Tuesday, February 21, 2012

Catching up points and laughs at Ohio

The TCU thing: You already know about this. Upshot: Four players, most notably linebacker Tanner Brock, were arrested as part of a massive on-campus drug sting, and three of the four have been charged with dealing weed. The fact that some high-profile football players are using and at least occasionally dealing should not be that shocking but was met with a lot of "THINK OF THE CHILDREN" responses, which just shows that people don't realize how rampant pot use is among the college-age population. Telling quote:
According to the warrant, Brock said that he wasn't worried because there "would be about 60 people being screwed." Brock is alleged to have said that he and Horn had looked over the TCU roster and concluded that only about 20 players could pass the test.
Yeah. I was less amazed by that statement than by the TCU statement a couple days later that only five players had failed a February 1 test, with 11 more having trace amounts that fell within the margin of error and therefore were disregarded. It was never specified whether that group of five included the four who were arrested (student privacy laws and all that), although there was presumably some overlap.

Regardless, all four players have been dismissed. You care about this mostly because Brock is/was very good; he was arguably the best linebacker in the MWC in 2010 (when he played next to Daryl Washington) but missed most of last year with an ankle problem. His loss is somewhat significant. Also gone are defensive tackle D.J. Yendrey and safety Devin Johnson, both starters last year.

Here's Gary Patterson's reaction:
"There are days people want to be a head football coach, but today is not one of those days."
That pretty much says it all.

Iowa hires (kind of) a D-coordinator: All the talk about Mike Stoops (before Mike Stoops hooked up with Oklahoma) and Jim Hermann (???) apparently didn't amount to much since Iowa decided to go internal and promote linebackers coach Phil Parker to defensive coordinator a couple weeks back.

There's some logic to that: Norm Parker was there forever and had a lot of success with not-so-great athletes who understood exactly what they were supposed to do and did it really well. Iowa's defense has been irritatingly good for as long as I can remember despite being filled with the Tyler Sashes of the world. The new Parker (no relation to Norm) presumably will maintain the same terminology and structure and whatnot, which should help mitigate any drop-off in playcalling ability. Playcalling also might not be a huge issue since Norm Parker's motto was basically, "all Cover-2, all the time."

Anyway, the new Parker is highly regarded as a linebackers coach (given Iowa's pure volume of draftable dudes) and, according to ESPN, has had offers for lesser D-coordinator jobs before; I'm not sure where. He would seem to be an adequate if unexciting replacement.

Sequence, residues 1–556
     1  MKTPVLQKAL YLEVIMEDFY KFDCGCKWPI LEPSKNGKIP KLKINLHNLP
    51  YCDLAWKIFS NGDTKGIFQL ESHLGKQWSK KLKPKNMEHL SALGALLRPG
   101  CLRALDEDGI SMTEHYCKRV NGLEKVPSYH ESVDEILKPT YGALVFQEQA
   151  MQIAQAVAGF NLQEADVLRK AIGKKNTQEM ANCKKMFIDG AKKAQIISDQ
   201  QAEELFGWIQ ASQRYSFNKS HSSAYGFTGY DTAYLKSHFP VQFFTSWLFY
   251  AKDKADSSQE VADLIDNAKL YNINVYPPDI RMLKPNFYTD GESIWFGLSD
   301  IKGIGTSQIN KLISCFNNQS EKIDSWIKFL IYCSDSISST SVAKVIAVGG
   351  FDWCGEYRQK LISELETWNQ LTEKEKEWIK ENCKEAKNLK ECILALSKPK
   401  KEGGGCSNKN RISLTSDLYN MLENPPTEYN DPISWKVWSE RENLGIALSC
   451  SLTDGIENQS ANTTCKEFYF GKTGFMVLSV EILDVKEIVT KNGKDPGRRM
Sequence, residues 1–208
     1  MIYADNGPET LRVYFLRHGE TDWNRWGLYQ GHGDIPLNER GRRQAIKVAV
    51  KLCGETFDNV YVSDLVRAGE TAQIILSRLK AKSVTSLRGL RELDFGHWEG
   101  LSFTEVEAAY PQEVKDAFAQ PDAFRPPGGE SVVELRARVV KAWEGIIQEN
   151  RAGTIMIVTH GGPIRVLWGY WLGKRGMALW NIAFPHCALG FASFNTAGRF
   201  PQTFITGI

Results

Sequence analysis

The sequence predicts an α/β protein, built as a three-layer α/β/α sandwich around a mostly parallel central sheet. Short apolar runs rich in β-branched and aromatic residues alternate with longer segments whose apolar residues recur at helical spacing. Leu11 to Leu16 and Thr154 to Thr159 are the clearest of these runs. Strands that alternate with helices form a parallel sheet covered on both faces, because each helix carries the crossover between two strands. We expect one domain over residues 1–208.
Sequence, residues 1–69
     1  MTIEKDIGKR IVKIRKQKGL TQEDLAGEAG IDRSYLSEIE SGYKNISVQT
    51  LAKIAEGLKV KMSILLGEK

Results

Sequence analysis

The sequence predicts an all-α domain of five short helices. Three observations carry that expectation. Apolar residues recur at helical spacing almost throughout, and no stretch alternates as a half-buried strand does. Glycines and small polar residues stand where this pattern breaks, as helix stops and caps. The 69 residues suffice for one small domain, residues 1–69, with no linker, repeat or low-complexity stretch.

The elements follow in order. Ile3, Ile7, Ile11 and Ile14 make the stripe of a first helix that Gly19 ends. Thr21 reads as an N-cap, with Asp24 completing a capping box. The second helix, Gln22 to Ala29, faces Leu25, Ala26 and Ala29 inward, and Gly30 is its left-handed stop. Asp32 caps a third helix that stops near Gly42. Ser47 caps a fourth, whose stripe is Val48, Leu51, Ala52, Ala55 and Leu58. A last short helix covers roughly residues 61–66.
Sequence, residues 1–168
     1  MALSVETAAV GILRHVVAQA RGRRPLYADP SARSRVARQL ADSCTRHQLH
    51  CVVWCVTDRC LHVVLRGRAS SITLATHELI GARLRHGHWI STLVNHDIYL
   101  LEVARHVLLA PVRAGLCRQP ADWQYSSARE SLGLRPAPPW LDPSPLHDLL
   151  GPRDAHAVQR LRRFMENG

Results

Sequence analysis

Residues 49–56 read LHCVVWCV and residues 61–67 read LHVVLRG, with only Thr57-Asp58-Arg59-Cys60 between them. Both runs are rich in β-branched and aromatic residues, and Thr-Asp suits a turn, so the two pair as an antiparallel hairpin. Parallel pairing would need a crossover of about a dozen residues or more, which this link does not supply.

Possibly more concerning for Iowa at this point is the vacancy at offensive coordinator created when Ken O'Keefe got a job with the Dolphins. Crazy tidbit: Iowa will now hire two coordinators in the span of a month after not having to hire one in 13 years. Think about that.

BHGP is already planning for the worst, and by "the worst," I obviously mean Greg Davis. Obligatory MS Paint illustration:


On a somewhat-related note, the hiring of Brian Ferentz as offensive line coach does not seem to have gone over particularly well among those who are (rightly) concerned that Kirk is turning into Lloyd Carr at a place with less talent. Read and be amused.

Navy and Memphis (?) to the Big East: The Big East's goal is clear: Assimilate every school that's good enough at football to generate a respectable TV contract, therefore ensuring the conference's financial survival, then find a 12th team (regardless of quality, hence Memphis) to ensure a craptacular conference championship game and the accompanying extra cash. Awesome.

Navy will join as a football-only member in 2015, at which point the conglomeration will be complete with 24 basketball schools (lol good luck with that conference tourney) and 12 football schools, almost half of which are nowhere near a place that could be considered "east." This is not particularly surprising anymore, especially given the debacle that is Mounference UWestA. It is what it is. The good news is that Navy will get to retain its rivalry games with Army (always on the second Saturday in December, thankfully) and Notre Dame. So that's nice.

Speaking of Notre Dame, this excerpt struck me as interesting:
Navy athletic director Chet Gladchuk said scheduling games late in the season, landing desirable television deals and securing bowl bids will become a problem in the near future.

"Opportunities to exist as independents into the future are clearly in jeopardy," he said.

Insert "O RLY" owl here, preferably with Jack Swarbrick's head in place of the owl. A lot of people read that and -- between the Gladchuk quotes about independence and the understanding that Navy being in a conference could make Notre Dame's scheduling even more difficult than it already is -- jumped to the conclusion that Notre Dame will eventually have its independence blankie yanked away. The problem with that reasoning: Navy isn't Notre Dame. Gladchuk is right in a sense that conference-contract-generated TV money is too good to pass up for most schools, but Notre Dame isn't most schools since most schools can't negotiate their own national TV deals for roughly $15 million a year and schedule games in Dublin that people will actually show up to. Like it or not, Notre Dame unquestionably has a brand power that resonates everywhere and generates enough money that independence is still viable.

There's only one way Notre Dame football joins a conference in my lifetime: It's necessary to play for a national title in whatever postseason structure is implemented in the post-BCS era. If enough conference commissioners bitch and moan to the point that the new playoff-type thing only allows conference champions (highly unlikely given that the power conferences would kill to have multiple teams in said playoff), Notre Dame will sack up and find a home at the risk of becoming truly irrelevant. Assuming that there's some sort of at-large opening -- which seems just about impossible to avoid in any scenario -- independence wins.